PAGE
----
The career of Bobby Petrino is checkered with questionable decisions from the coach that has tarnished his reputation. Despite his on-field success, his antics off of it seemed to finally catch up to him when he lost his job with the Arkansas Razorbacks. What came from that was a Petrino that sounded contrite and committed to turning over a new leaf. But after another shady trick from Petrino on National Signing Day yesterday, it’s clear that Petrino has not changed in his second stint with the Louisville Cardinals.
Going back through Petrino’s career is a case-study in unethical professional behavior.
Back in 2007, the coach bolted Louisville just months after signing a 10-year extension and making proclamations that he wasn’t going to be going anywhere, taking over as the head coach of the Atlanta Falcons. He left the NFL just 13 games into his first season to jump back to college and took over the reins at Arkansas. There, he was forced out after it was discovered that he gave his mistress a job in the football office after the two crashed on his motorcycle. He found a new home with the Western Kentucky Hilltoppers and had a clause in his contract where he had to pay the school if he left early. Spoiler: he left early, anyways.
Petrino ended up back at Louisville, who had just lost Charlie Strong to the Texas Longhorns. The Cardinals were desperate to maintain their success they had under Strong as they transitioned into the ACC and turned to the familiar face of Petrino, the only other coach in recent history to have sustained success at Louisville. The move raised a lot of eyebrows since the school had already been burned by the slick coach once. Why would they put themselves in a position to have it happen again?
What we were told by Petrino and Louisville athletic director Tom Jurich was that this was a redemption story. Petrino was getting a “second chance” and would not make the same mistakes that he made the first time. The prevailing narrative throughout the early stages of his return to the program was the “new” Petrino was a different man and a better man.
But on National Signing Day, we saw the same dishonest coach that Petrino has always had the reputation of being. Three-star running back Matt Colburn, South Carolina’s Mr. Football, had verbally committed to Louisville back in June. Unlike other recruits, Colburn then shut down his recruitment, shunning other major programs that might have had interest in him because he believed he had a spot on the Louisville roster.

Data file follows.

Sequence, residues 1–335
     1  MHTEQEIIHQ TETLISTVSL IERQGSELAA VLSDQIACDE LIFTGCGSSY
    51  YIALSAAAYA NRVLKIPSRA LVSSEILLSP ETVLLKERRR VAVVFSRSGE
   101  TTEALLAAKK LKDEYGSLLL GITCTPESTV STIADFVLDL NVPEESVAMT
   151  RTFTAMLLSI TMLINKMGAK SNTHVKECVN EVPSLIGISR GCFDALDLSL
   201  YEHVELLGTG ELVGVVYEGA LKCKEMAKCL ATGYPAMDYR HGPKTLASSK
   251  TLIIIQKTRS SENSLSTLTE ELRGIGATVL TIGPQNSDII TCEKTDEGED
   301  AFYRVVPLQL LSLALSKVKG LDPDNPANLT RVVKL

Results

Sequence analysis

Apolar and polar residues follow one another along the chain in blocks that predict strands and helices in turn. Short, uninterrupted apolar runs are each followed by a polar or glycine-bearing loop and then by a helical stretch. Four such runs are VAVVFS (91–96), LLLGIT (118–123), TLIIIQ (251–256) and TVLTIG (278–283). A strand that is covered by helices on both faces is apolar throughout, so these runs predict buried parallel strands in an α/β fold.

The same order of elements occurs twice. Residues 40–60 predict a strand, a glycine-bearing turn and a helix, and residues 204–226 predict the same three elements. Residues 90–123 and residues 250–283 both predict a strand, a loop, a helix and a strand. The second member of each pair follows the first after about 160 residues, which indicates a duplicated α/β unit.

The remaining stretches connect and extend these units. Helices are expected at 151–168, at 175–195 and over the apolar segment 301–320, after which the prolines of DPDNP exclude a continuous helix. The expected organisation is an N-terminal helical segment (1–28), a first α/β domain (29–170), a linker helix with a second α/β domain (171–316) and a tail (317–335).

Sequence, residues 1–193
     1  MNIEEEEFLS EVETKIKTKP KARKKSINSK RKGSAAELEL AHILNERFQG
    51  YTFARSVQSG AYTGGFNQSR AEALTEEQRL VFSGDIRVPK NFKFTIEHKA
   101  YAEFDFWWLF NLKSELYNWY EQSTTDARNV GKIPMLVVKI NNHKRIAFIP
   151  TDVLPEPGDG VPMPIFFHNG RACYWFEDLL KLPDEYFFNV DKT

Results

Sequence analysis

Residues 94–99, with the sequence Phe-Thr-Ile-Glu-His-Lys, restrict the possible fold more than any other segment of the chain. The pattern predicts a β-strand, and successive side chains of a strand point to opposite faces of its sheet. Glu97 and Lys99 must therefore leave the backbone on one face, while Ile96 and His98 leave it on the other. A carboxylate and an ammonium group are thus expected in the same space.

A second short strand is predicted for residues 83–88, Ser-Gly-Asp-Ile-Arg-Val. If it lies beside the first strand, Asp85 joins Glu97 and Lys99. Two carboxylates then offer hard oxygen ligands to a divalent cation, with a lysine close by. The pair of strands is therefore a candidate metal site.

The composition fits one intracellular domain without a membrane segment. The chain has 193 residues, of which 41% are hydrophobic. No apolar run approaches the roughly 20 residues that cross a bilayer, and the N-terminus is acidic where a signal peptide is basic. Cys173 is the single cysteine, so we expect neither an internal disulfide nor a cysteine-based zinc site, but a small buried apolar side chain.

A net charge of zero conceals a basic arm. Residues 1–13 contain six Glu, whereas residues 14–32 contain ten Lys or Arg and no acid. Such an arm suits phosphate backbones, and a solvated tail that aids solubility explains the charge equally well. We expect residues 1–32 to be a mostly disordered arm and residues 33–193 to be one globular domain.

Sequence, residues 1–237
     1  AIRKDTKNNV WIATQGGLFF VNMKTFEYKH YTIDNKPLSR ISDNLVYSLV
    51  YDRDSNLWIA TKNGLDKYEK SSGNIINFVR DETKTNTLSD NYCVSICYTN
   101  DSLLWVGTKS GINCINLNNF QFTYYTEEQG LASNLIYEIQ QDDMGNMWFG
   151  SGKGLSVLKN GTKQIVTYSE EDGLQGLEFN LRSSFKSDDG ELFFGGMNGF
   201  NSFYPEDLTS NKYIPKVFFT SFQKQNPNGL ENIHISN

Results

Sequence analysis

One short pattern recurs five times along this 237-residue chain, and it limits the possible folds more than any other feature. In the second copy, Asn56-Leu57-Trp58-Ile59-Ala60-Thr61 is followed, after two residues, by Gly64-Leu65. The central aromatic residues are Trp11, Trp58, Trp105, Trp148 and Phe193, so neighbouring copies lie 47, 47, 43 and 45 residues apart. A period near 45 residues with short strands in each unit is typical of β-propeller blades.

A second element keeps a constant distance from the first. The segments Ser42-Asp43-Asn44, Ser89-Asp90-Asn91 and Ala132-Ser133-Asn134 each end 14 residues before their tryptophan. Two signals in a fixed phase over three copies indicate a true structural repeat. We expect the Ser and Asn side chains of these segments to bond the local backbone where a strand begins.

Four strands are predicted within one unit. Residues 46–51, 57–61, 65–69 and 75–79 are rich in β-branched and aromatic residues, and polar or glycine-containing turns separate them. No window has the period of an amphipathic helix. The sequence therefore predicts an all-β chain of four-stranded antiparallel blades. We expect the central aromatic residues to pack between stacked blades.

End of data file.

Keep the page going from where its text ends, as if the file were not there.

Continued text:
Mere days before Colburn was set to send in his LOI, the Cardinals pulled the rug out from under him. Linebackers coach Tony Grantham, because Petrino didn’t want to break the news himself, called Colburn to let him know that they had pulled his scholarship. Louisville’s recruiting class had filled up with more talent than they initially thought and they were bumping Colburn without warning to make room for other players. As a consolation, they offered him a grayshirt opportunity where he would sit out the season, hold off on enrolling in classes for a semester, and then would MAYBE have a shot at a football scholarship in 2016.
Colburn declined, deciding to try and find another opportunity instead of relying on the promise of a possible spot from a coach and a program that had just kicked him to the curb after eight months of commitment. The back has reportedly gotten some interest from programs with some room in their recruiting classes like the Marshall Thundering Herd, Kent State Golden Flashes, and Wake Forest Demon Deacons, but it hasn’t taken the sting out of what Petrino did, and his high school football coach and school athletic director Tom Knotts isn’t going to take it lying down.
Knotts let his frustrations be known, saying that this was “not the way to do business” and went on to ban Petrino and Louisville from recruiting at his school. The duplicitous Petrino has broken the “trust factor” for Knotts and he won’t subject his players to it any longer. And he might not be alone as he believes some other coaches will follow suit after getting yanked around by Petrino in the recruiting process.
And while Petrino may not feel the sting of losing this one three-star prospect, the ramifications of his actions will eventually catch up to him. Eventually, you run out of second chances and there simply aren’t any more bridges to burn. If more schools follow Knotts’ example of shutting their doors to Petrino and Louisville, it will negatively impact their ability to recruit. Without the players falling for Petrino’s act, his on-field success could start to spiral out of control in a hurry.
At some point, the way that Petrino conducts his business is going to be his downfall. A coach can only double-talk his way through so many recruits and administrators before things come crashing down around him. It appeared like that had already happened when things fell apart for him at Arkansas, but Petrino is obviously a hard-headed man that is stuck in his ways. Even with all the mistakes that he has been killed for in the public arena, he continues to operate like a sleazy used-car salesman, completely oblivious to how it will ultimately end up.
The NFL has already closed its doors on him for the way he jumped ship midseason with the Falcons. If Petrino continues to act like he has in the college ranks and gets shut out of a few more high schools, he’s going to run out of arenas to be a head football coach. If he doesn’t change his ways, the top recruits aren’t going to come to Louisville to play for him which will bury the Cardinals in the ACC.
It probably should not surprise us at this point the way that Petrino operates but it’s still incredibly disappointing. Just a year after being sold on a new and improved Bobby Petrino, we’re reminded that he’s still the same old coach using the same underhanded tactics.